why science is wrong… about almost everything — review by Society for Psychical Research

Discussion in 'Why Science Is Wrong... About Almost Everything' started by alex.tsakiris, Jan 12, 2015.

  1. Bertha Huse

    Bertha Huse New

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    Science itself is not immutable. Even Einstein refused to believe that two entangled particles could effect each other at any distance - without any kind of physical communication. And yet we now know he was wrong.

    And we still have no idea in science why photons stop acting like waves as soon as they are observed.

    With psi phenomena - science has not even reached square one. Mainstream science, especially the materialists are adamantly opposed to admitting any psi phenomena, and dismiss it regularly, often without even examining 100+ years of empirical research. Square two - how does psi phenomena work? Well, there hasn't really been any kind of substantial scientific theory that everyone can agree upon at the moment. Probably the best theoretical framework that was established was a psychological one via Carl Jung. Frederic Myers did provide very clear categorization of psi phenomena in his book "Human Personality".

    Other than that - there hasn't been a whole lot else. There is too much bigotry toward psi phenomena to begin with - to the point now where scientific research is being discouraged, people are being ostracized or their biographies (at least on Wikipedia) are being libeled if they have had anything to do with psi research.

    I think quantum physics may provide some clues regarding how psi phenomena might work. Whereas Carl Jung provides a pretty seminal picture of the psychological implications of psi phenomena, and even when it can become more prevalent in an individual's life, and NDE research points to the possibility consciousness is actually more aware and more comprehensive when the brain is no longer active (which confirms what Frederic Myers theorized early on in Human Personality) - quantum physics might provide some kind of physics underpinnings to psi phenomena i.e. the relativity and flexibility of time and space, the non-local attributes of the most fundamental particles we know exist, and the apparent intertwined relationship between consciousness and the reality we observe (although there are other interpretations but they seem even more far fetched IMO).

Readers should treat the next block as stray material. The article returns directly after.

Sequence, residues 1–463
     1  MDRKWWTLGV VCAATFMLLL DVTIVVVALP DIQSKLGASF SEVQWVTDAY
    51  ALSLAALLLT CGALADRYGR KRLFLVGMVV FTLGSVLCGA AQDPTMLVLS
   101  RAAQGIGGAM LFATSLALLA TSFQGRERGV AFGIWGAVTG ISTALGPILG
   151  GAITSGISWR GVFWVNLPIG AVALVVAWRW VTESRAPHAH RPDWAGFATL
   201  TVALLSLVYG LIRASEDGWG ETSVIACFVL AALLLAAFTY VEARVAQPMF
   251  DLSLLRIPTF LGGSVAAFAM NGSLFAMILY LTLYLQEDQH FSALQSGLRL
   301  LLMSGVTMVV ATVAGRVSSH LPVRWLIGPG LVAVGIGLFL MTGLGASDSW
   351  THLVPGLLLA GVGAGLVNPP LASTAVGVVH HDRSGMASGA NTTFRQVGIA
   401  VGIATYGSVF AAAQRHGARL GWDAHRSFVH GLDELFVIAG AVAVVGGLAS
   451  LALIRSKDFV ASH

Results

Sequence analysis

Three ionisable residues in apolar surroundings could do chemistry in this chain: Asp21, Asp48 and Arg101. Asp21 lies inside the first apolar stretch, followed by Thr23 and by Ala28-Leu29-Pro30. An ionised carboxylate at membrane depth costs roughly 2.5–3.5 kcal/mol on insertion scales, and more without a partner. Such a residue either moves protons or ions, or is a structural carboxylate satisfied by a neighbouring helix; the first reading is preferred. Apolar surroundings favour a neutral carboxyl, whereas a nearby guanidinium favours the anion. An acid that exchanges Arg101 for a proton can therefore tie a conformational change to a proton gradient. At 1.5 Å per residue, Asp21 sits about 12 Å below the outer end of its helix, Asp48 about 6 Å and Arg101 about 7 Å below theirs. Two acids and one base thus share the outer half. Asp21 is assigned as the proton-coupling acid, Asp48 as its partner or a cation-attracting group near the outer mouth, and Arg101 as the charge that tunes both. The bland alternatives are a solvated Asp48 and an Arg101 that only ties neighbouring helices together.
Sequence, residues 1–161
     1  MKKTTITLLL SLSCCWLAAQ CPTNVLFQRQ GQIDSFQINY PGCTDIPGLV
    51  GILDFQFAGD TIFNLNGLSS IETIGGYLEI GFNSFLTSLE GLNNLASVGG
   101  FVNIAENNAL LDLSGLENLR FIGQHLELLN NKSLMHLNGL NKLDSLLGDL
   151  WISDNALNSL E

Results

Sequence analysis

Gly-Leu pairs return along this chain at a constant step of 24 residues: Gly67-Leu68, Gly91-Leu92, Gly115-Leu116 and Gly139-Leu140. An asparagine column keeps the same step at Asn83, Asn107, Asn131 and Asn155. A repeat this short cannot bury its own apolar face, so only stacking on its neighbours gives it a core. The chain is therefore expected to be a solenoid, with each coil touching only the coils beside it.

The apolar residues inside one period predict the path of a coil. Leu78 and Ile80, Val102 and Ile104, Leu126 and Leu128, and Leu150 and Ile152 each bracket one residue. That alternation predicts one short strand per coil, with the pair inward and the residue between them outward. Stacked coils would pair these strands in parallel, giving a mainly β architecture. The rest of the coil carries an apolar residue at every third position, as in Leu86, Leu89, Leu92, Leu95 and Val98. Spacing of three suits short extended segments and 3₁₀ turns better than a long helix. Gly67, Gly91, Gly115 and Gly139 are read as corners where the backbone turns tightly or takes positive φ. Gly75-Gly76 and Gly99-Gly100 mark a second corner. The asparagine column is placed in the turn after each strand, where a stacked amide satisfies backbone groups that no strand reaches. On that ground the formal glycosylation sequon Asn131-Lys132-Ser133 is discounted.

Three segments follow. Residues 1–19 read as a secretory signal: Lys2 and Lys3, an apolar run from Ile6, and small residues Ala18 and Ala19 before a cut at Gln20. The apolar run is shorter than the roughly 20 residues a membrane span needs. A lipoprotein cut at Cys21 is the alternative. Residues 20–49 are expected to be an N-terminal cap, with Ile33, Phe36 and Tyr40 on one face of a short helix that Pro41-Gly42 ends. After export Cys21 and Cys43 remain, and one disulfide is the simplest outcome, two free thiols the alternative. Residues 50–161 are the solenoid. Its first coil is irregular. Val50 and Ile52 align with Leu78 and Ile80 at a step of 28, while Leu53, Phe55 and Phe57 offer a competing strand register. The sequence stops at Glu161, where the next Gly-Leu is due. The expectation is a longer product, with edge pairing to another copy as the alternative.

But no- we still do not know how psi works. But science does not exclude psi. That is a completely erroneous assumption by David Fontana. Heck in science, we still don't even know what gravity is. And we got scientists walking around today saying dark matter exists - just so certain equations that astronomers and physicists have had about the universe now for decades - continue to be valid, even though no one has a clue what this dark matter really is - and no one has observed it. Dark matter may turn out to be yet another Hidden Variables faux pas - and wouldn't that be pretty amusing?

    My Best,
    Bertha
     
    Last edited: Apr 4, 2015
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  2. Lightlover

    Lightlover New

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    Although I agree with almost all your post, Fontana did not say that science excludes psi, as I read it, rather that mainstream science can offer no explanation of macro paranormal phenomena in it's own scientific terms of reference at the present time. Fontana was a great proponent of all kinds of psi evidence and had experienced a lot of it himself.